[caption id="attachment_19284" align="alignright" width="300"]woodcut engraving of memorial hall in 1876. The building has a domed center and arched door ways leading to the center entrace. a large crowd is gathered around the grounds looking to the stairs of the building In this 1876 wood engraving, a crowd watches as President Ulysses S. Grant cuts the ribbon to open Memorial Hall, launching the Centennial Exhibition that marked the anniversary of U.S. independence. (Library of Congress)[/caption]

By 1900, the Schuylkill and Wissahickon park areas encompassed some three thousand acres, and Philadelphians boasted of having created the country’s largest urban park. During the twentieth century, more land was added to East and West Parks and the Wissahickon until the three areas comprised roughly 4,500 acres. By acquiring so much acreage so quickly, the FPC assembled disparate landscape spaces that ranged from well-tended gardens to broad greenswards and forests. Some cohesion was provided by the Schuylkill and Wissahickon waterways that bisected these spaces, but the lack of a comprehensive plan for landscaping improvements or management produced some unique features. For example, preexisting railroads and major streets were allowed to remain within the park; at a later date parkways and streetcar lines were added to improve access. Fairmount Park’s boundaries varied from the hard edges of city streets to permeable dells along the Wissahickon. The presence of railroads and other thoroughfares left the park areas vulnerable to additional intrusions, most notably I-76, the Schuylkill Expressway, which was cut through the West Park in the 1950s.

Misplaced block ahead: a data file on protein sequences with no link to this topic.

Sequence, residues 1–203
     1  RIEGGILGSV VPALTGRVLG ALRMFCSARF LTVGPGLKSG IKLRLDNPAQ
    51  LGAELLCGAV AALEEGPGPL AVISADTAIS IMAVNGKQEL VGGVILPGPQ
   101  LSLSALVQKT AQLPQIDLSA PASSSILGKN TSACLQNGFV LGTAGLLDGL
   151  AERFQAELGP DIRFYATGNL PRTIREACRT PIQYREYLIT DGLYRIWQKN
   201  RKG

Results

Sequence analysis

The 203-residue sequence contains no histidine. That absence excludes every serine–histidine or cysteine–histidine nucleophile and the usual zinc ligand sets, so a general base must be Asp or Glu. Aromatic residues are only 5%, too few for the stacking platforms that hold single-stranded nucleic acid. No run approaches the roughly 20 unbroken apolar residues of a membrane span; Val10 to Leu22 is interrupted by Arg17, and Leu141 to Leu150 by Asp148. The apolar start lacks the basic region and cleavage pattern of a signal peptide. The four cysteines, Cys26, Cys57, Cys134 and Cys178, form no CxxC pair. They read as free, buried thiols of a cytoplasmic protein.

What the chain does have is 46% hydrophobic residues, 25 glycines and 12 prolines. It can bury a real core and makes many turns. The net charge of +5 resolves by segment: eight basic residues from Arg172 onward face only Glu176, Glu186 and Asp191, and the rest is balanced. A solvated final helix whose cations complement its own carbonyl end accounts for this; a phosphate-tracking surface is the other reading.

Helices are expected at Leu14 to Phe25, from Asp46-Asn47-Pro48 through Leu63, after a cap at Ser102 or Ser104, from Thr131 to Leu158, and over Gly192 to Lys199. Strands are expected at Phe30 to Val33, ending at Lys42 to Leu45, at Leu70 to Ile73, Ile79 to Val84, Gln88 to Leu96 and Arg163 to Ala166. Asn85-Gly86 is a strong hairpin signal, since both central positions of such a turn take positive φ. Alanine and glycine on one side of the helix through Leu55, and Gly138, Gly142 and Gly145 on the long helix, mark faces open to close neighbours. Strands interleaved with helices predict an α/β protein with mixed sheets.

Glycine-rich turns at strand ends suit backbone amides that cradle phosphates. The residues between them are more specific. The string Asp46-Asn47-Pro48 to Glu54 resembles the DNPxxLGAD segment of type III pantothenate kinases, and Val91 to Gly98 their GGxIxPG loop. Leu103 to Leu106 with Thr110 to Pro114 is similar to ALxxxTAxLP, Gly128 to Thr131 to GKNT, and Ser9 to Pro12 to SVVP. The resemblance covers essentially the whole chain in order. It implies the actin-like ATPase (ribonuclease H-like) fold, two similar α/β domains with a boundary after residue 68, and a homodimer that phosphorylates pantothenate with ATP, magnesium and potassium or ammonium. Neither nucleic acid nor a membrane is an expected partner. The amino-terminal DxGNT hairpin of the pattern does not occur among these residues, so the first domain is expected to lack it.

The creation of Fairmount Park did not introduce recreational areas into Philadelphia’s urban landscape because both the Schuylkill and the Wissahickon had been popular recreational destinations since the eighteenth century. Many property owners at the Schuylkill and Wissahickon permitted public access to their lands: in the early nineteenth century Henry Pratt admitted the public to his extensive gardens at Lemon Hill. In the late 1850s, newspapers reported hundreds of residents, “white, yellow, brown and black,” assembled for civic festivals in the newly dedicated Fairmount Park. After 1867, both organized sports and more informal forms of recreation continued throughout park areas.  Spectators flocked to the Schuylkill to watch competitive rowing races until baseball supplanted this as a spectator sport. Cyclists first entered the park in the 1880s. Equitation was always popular. During the twentieth century, the FPC added more formal recreational facilities such as ball fields and basketball and tennis courts, as well as entertainment venues, including the Lemon Hill band shell, the Robin Hood Dell, and the Mann Music Center.

By the mid-twentieth century, when city government and the FPC had established numerous parks in other areas of the city, the Schuylkill and Wissahickon parks were considered the nucleus of what became known as the “Fairmount Park System,” encompassing some ten thousand acres citywide. Following the disestablishment of the FPC in 2010, the term “Fairmount Park system” was retired, the Wissahickon was designated as an independent entity, and “Fairmount Park” was redefined to describe only East and West Parks along the Schuylkill.

Elizabeth Milroy is Professor and Department Head of Art & Art History at the Antoinette Westphal College of Media Arts & Design, Drexel University. She is the author of The Grid and the River: Philadelphia’s Green Places, 1682-1876 (Pennsylvania State University Press, 2016).

Public Parks (Philadelphia)

Philadelphia boasts the oldest and one of the largest urban park systems in the United States, comprising more than one hundred parks encompassing some ten thousand acres. With origins in William Penn’s innovative city plan, Philadelphia’s public green spaces range in size and type from small neighborhood squares to extensive watershed and estuary parks along the Delaware and Schuylkill Rivers and their tributaries.  Central to the evolution of the city proper, these spaces have served over time as an indispensable resource to the Greater Philadelphia region.